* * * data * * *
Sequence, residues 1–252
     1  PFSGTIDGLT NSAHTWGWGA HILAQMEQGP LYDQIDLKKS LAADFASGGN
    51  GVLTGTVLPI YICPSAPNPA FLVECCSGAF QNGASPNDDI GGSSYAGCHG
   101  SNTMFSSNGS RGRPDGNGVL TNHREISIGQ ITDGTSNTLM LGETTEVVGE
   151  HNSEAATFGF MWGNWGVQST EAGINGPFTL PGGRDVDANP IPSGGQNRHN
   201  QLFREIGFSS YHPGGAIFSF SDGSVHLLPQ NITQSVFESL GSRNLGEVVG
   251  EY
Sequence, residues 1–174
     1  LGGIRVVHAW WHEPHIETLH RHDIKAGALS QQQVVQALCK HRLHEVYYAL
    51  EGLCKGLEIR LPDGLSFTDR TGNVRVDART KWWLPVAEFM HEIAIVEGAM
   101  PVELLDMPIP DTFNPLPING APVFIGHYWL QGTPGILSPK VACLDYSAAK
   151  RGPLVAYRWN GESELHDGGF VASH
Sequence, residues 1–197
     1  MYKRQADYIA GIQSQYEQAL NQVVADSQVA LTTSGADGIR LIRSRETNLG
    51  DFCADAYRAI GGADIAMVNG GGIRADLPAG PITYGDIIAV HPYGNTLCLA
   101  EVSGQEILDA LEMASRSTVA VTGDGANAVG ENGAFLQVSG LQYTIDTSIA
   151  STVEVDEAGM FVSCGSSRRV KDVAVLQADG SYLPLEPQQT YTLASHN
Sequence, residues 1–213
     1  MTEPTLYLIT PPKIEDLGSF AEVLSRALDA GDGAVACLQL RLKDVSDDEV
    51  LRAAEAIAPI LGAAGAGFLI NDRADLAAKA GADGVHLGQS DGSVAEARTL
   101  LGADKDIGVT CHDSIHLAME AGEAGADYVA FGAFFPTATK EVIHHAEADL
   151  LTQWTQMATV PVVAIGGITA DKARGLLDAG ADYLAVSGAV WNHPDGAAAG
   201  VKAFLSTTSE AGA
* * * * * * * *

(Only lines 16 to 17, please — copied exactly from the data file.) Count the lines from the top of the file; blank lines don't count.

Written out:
   101  EVSGQEILDA LEMASRSTVA VTGDGANAVG ENGAFLQVSG LQYTIDTSIA
   151  STVEVDEAGM FVSCGSSRRV KDVAVLQADG SYLPLEPQQT YTLASHN